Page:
Descendants of Tenzing Norgay Sherpa visit tallest mountain in Aotearoa

Two sons of famed mountaineer Tenzing Norgay Sherpa have just visited New Zealand’s tallest mountain, Aoraki/Mt Cook, where they were hosted by Ngāi Tahu.

Tenzing Norgay Sherpa famously accompanied Sir Edmund Hillary on the first successful summit of Mount Everest in 1953. Growing up with the legacy of this remarkable achievement, Everest and the Himalaya have been an intrinsic part of the brothers’ lives.

In recent years increasing numbers of tourists visiting Everest have led to mistreatment of the region’s indigenous people and environment, a challenge similarly faced in Aotearoa, as tourist numbers continue to climb. As part of their visit to Aotearoa, the brothers will share their knowledge with iwi throughout New Zealand and discuss both the challenges and opportunities that come with increases in tourism.

Te Rūnanga o Ngāi Tahu Kaiwhakahaere (Board Chair) Lisa Tumahai says the Tenzing brothers’ perspectives and insights resonate deeply.

“Kaitiakitanga (stewardship), is one of our core values. This means that we have a responsibility, to our land and our people, to ensure that growth in tourism numbers is sustainable and respectful, and that our whenua is protected for us and our children after us. Maintaining and supporting growth in tourism is critical, but we must look after the land while doing it and work to mitigate the effects on the environment. That is one of the key tenets of the Ngāi Tahu Climate Change Strategy. The decisions we make now will impact on the lives of our mokopuna.”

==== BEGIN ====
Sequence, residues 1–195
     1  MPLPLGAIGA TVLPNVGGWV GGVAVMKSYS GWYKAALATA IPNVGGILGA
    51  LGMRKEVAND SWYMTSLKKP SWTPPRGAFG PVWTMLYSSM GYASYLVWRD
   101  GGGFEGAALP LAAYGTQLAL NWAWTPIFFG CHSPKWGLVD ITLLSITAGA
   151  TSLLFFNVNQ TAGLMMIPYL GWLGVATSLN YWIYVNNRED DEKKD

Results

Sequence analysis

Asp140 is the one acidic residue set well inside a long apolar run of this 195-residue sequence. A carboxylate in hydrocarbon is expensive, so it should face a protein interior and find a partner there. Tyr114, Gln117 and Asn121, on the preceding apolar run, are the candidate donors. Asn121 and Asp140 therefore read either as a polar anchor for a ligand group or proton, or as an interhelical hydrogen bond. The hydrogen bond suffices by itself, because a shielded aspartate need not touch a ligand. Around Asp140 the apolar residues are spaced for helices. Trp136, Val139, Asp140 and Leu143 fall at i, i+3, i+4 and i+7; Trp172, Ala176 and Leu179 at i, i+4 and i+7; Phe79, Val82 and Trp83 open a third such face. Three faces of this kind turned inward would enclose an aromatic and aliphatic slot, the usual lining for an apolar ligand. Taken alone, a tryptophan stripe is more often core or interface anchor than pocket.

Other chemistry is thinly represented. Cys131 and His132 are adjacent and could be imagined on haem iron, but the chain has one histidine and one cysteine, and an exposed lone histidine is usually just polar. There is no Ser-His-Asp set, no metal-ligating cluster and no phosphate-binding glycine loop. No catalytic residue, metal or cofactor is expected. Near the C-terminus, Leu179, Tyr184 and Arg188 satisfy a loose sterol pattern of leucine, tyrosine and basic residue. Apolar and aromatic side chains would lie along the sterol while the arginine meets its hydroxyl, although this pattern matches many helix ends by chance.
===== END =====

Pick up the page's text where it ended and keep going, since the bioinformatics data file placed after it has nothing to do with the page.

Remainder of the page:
Mrs Tumahai says there is much to learn from the Tenzing whānau.

“They have faced the same challenges that we are facing and have practicable solutions to the issues that come with growth. Hosting them at Aoraki, a place of immense significance to our iwi, is an honour.”

Norbu Tenzing is the Vice President of the American Himalayan Foundation (AHF), which supports education and healthcare initiatives and cultural and environment preservation in the Himalaya. He has worked to encourage tourism while mitigating the risks of what he refers to as the ‘business of Everest’.

“I always tell people, if you want to climb Everest, it’s like buying any product – make sure you know what you are buying. Just like you want to go to the store and buy organic vegetables, when you climb Everest, look into the eyes of a child with a father who is going up the mountain and say, ‘I’m going to take care of your father and I’m going to bring him back safe’.”

Norbu expresses admiration for the protection of the environment and its people that is inherent in Māori culture.

“The respect of Māori people for their ancestors and for their land is profound. The culture is strong, and more purposeful than anywhere else in the world that I have visited.”

Dhamey Tenzing Norgay is also experienced in adventure tourism and its effects. His company The Noble Traveller operates out of Bhutan, one of the world’s smallest countries. The country focuses on ‘Gross National Happiness (GNH)’ rather than GDP, with a ‘value over volume’ approach to their tourism.

During their time with Ngāi Tahu, the Tenzings visited Tuahiwi Marae in North Canterbury and Arowhenua Marae near Temuka. From there they traveled to Aoraki, a place of immense significance to Ngāi Tahu. Ngāi Tahu know Te Waipounamu as the waka that carried four sons of Raki, the sky father, to meet his second wife Papatūānuku, the earth mother. The sons journeyed from the heavens and when they sought to return, the karakia or incantation failed, over-turning their waka, which became the South Island. The brothers climbed on top and turned to stone and became the mountains that comprise the Southern Alps, including Aoraki.

From Te Waipounamu the Tenzings move on to the North Island where they will meet Te Kāhui Maunga: Tongariro, Ngauruhoe, and Ruapehu. Their visit is being facilitated by NZ Māori Tourism.